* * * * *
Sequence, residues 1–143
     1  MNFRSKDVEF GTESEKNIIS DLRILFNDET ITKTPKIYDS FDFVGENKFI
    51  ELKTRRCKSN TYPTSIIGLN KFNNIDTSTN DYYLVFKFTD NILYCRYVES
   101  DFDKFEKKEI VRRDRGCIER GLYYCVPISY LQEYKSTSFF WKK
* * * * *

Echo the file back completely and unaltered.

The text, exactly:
Sequence, residues 1–143
     1  MNFRSKDVEF GTESEKNIIS DLRILFNDET ITKTPKIYDS FDFVGENKFI
    51  ELKTRRCKSN TYPTSIIGLN KFNNIDTSTN DYYLVFKFTD NILYCRYVES
   101  DFDKFEKKEI VRRDRGCIER GLYYCVPISY LQEYKSTSFF WKK